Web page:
Counter-plaintiff Midwest Wholesale Distributors, Inc. ("Midwest"), is a re-packer and wholesale distributor of daily household products in Michigan and California. (Am. Answer at 37, ¶ 9.) Midwest is a Michigan corporation with its principal places of business located in Troy, Michigan, and San Diego, California. ( Id. at 36, ¶ 1.) Counter-plaintiff Justin Shayota is the owner of Midwest, and is the nephew of counter-plaintiff Walid Jamil ("Jamil"). ( Id. at 36, ¶¶ 10-11.) Jamil assisted Justin Shayota in "getting Midwest's business off the ground" and Jamil's personal residence serves as the resident agent office for the company, but Jamil is not an officer, director, or shareholder of Midwest Wholesale. ( Id. at 37, ¶ 11.)

"At some point between May and July of 2011, " Jamil "participated" in a telephone conference with Robert McCormack, a "high-ranking" employee of Living Essentials, and Justin Shayota, the owner of defendant Baja Exporting, LLC and Tradeway International, Inc., d/b/a Baja Exporting (collectively, "Baja").[1] ( Id. at 37, ¶ 12.) At the time of the conference call, Baja was an authorized distributor of 5-hour ENERGY with "exclusive rights to distribute and sell [5-hour ENERGY] in Mexico, and non-exclusive rights to distribute and sell [the product] in the United States." ( Id. at 37, ¶ 14.) During the telephone conference, Joseph Shayota informed McCormack that it was difficult to sell 5-hour ENERGY in Mexico. ( Id. at 38, ¶ 15.) According to the Midwest Parties, McCormack then directed Joseph Shayota "to arrange for transportation of the 5 Hour from Mexico to the United States and to engage a company to re-label and re-package 5 Hour from Spanish/Mexican labels to English/United States labels for sale in the United States." ( Id. at 38, ¶ 16.)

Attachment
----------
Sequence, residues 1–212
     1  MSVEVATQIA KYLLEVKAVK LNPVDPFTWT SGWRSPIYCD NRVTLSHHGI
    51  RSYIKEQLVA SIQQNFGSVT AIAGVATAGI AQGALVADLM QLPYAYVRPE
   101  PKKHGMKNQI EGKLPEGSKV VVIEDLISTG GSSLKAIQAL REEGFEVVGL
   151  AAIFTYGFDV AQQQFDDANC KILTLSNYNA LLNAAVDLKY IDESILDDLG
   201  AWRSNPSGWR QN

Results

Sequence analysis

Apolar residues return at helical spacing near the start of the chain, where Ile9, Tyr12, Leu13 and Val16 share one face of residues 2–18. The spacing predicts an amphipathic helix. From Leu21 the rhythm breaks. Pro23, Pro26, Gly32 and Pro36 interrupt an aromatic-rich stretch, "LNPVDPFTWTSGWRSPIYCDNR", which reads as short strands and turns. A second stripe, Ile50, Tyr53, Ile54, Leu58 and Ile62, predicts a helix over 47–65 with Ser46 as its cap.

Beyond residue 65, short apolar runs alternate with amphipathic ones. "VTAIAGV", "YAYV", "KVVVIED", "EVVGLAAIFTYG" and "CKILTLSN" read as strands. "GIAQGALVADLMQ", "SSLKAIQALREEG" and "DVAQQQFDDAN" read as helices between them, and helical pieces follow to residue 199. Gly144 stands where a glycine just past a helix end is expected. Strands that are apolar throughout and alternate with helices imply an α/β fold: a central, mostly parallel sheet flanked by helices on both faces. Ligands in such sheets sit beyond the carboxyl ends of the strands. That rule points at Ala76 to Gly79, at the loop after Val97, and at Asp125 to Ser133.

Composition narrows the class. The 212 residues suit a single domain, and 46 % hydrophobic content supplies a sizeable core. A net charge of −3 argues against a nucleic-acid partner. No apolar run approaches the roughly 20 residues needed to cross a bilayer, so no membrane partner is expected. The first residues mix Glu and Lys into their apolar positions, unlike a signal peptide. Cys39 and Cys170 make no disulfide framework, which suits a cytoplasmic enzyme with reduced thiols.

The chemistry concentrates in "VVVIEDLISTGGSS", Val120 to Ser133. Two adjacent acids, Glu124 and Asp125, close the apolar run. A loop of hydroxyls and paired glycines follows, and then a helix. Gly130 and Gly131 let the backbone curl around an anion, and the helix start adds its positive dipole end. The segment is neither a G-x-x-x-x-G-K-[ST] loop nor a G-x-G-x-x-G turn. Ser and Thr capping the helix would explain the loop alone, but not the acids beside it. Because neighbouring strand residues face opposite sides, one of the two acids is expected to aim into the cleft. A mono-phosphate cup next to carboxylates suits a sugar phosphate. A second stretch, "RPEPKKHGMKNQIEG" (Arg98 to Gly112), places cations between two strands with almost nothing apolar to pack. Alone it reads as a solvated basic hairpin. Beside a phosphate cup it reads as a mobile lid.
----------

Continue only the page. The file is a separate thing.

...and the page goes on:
At an unspecified later date, Baja hired Midwest for the re-labeling and re-packaging work. (Am. Answer at 38, ¶ 16.) Midwest, in turn, hired Leslie Roman ("Roman") to supply 5-Hour labels and boxes. ( Id. at ¶ 19.) Roman represented to Jamil that Roman was the owner of One Stop Label and that the company made official 5-hour labels and boxes, and Midwest understood Roman to be an authorized supplier of 5-hour labels and boxes. ( Id. at ¶ 17-18).

In or around October 2011, Roman "directed" Midwest to purchase a printer and other equipment, for a total cost of $50, 000, for the purposes of "coding and printing expiration dates." ( Id. at ¶ 20.) In November and December of 2011, Midwest issued invoices to Baja for $451, 500. ( Id. at ¶¶ 22-23.) In late 2011 or early 2012, Joseph Shayota told Jamil that Baja had lost its exclusive distributorship rights for 5-hour ENERGY in Mexico, and directed Midwest to find a replacement "packer, " someone who could manufacture or make the 5-hour product from scratch. ( Id. at 39, ¶ 24.) Roman represented to Jamil that Roman's partner, Juan Romero ("Romero"), was an authorized 5-hour packer, and Midwest relied on this information to hire Romero. ( Id. at ¶¶ 25-26.)

Romero began delivering the 5-hour product to Midwest in unmarked bottles, which Midwest labeled and packed using the labels and boxes supplied by One Stop Label and Roman. ( Id. at ¶¶ 26-27.) Midwest then delivered the 5-hour product to Baja for further distribution. ( Id. at ¶ 27.)